I traveled for years with an eating disorder. Here is what I missed
I SAT ACROSS THE TABLE from a plate of sweet, juicy baklava in Istanbul, awkwardly avoiding the question of why I wasn’t eating my slice. I felt like everyone was staring at me — my friends, my boyfriend and even the waiter. How could I possibly explain to them that I refuse to ingest the sugar and fat dripping from that tantalizing foreign delight? That the thought of gaining an ounce of weight terrifies me? I explained that I’m just not into sweet treats. The reality was completely the opposite.
I bet you’ve stumbled upon more than one social media account, idolizing chiseled bodies and “clean eating,” accompanied by images of green smoothies, salads and six packs. Disguised as a quest for healthy living, the obsession over “fat burning” and “pure food” in many cases leads to extremely narrowing down your food options. In my case, I would try to only eat “fat free” food, avoid flour, meat and olive oil like the plague, and “indulge” in exactly 5 roasted peanuts whenever I felt unbearable hunger. To accompany my lack of nutritional knowledge, my dedication to the gym led me to exercise for two full hours a day, not including hiking the hills between the weight rack and my house, which took another hour. All in all, my condition was bad and at some point became very noticeable. I wouldn’t eat anything that I didn’t make, I’d be suspicious of food offered at parties (even the ones at my vegan, organic school), and the worst of all, it started interfering with my travels.
An especially tough case was a vacation in Greece with a boyfriend one summer. I was a vegetarian at the time, and rarely ate out, fearing that all food not prepared by me could be somehow contaminated or make me gain weight. I still insisted on going on the trip, because I had always wanted to see the pristine Mediterranean beaches and old architecture of Athens. My boyfriend wanted to try everything — lamb gyros, moussaka, traditional feta and eliopsomo. Who could blame him? After all, food is an integral part of culture and you can’t be fully immersed until you wine and dine with the locals. I watched him eat fresh kalamata olives, spinakopita, giouvetsi and many other delicacies I’d die for, while I solemnly slurped my vegetable soup in the 90-degree weather. I had even dragged him to four different restaurants until I found the one that would comply with my ridiculous demands.
I knew I was missing out, but I couldn’t help myself. Going to the gym religiously and following an insanely restrictive diet had indeed given me very defined abs, firm legs and noodle-like arms. I had to wear a belt around my size 4 pants just to keep them from falling and embarrassing me in front of everyone in Tessaloniki. Regardless of the gorgeous sunsets over Kassandra and refreshing breeze pulling my hair back on the cruise to Mount Athos, I couldn’t enjoy it — instead I was consumed with dread over the thought of the next meal.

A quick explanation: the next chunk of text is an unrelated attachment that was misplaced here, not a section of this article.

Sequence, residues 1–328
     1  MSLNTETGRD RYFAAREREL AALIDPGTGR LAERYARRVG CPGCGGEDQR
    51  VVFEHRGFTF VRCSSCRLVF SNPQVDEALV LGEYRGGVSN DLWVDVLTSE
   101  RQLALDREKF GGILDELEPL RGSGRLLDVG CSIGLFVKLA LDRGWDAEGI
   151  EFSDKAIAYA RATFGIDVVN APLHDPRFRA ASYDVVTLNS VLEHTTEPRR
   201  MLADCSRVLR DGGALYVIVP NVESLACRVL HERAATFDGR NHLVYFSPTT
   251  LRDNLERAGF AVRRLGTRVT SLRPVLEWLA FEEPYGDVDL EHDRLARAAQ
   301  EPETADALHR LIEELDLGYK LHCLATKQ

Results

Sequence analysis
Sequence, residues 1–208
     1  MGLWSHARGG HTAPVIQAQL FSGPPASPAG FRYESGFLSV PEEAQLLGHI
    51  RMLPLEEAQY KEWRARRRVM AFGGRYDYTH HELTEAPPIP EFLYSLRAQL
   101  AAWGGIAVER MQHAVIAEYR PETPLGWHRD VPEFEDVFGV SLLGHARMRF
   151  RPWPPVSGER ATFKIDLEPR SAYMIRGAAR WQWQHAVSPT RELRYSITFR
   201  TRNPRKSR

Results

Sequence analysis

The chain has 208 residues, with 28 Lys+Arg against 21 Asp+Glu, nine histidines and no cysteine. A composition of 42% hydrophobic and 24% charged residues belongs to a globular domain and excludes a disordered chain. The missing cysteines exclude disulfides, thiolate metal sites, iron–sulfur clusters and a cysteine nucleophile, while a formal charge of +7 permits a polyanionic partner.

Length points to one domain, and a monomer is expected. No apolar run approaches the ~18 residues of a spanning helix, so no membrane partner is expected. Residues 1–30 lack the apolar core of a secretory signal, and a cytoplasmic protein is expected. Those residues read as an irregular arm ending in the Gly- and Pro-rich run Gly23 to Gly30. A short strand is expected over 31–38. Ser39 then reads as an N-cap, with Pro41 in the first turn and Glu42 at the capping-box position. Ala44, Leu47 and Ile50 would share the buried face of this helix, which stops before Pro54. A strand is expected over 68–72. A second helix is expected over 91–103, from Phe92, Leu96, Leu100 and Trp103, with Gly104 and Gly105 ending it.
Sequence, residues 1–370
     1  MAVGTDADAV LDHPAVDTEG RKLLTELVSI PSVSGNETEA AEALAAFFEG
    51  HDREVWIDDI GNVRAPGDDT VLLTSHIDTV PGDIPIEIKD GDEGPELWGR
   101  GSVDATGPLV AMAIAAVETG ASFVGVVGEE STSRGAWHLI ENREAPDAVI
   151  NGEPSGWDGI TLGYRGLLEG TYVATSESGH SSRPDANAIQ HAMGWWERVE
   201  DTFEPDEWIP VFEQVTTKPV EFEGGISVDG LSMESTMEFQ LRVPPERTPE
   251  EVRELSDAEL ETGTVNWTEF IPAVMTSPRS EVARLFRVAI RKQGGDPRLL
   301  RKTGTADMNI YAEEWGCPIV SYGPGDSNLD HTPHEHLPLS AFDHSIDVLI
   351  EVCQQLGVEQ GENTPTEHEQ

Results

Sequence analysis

This went on for a little less than 2 years and countless meals in six different countries. Sometimes I’d waste precious time and lose opportunities, such as seeing Germany because I wanted to stay on the cruise ship and exercise at the gym. Finally, upon spending time with me one summer between college semesters, my mom had had enough with my disturbing obsession and took me to a dietician. After a few miserable results from medical testing and a whole lot of counseling, I completely recovered and did my best to make up for the lost time in the following years.
Today, I’ve got 13 countries checked off on my personal map, and two more planned for the upcoming summer. I consider myself an “omnivore,” who finishes every bite on her plate. I enjoyed jamón and chocolate cake in Spain all summer long, tacos in LA, and went back to Germany for a week filled with bread, wurst, schnitzel and Nutella. I still follow a good diet, trying to eat mostly organic food and exercise daily, but in a much different way. My appearance hasn’t changed much either, besides getting my curves back and some color on my cheeks.
The irony is that nowadays I live in a lot more balanced way while I’m on the road, waking up at sunrise for ocean strolls or hikes, making sure to get all my fruit and vegetables in and leave some room for a glass of wine and dessert. I’d never again refuse lamb kabob or ramen, regardless of how much sodium or fat it contains, and this idea is proudly represented by my Instagram feed, in the form of seductive photos of baingan bharta, spicy wings and fried kalamari.
If I truly want to immerse myself in a new culture, I have to accept all that comes with it, with an open mind and plate ready to be filled with whatever adventure brings. The most important thing is to admit to yourself if you’ve got a problem and seek help, so you don’t have to miss out on any new experience on the road ever again.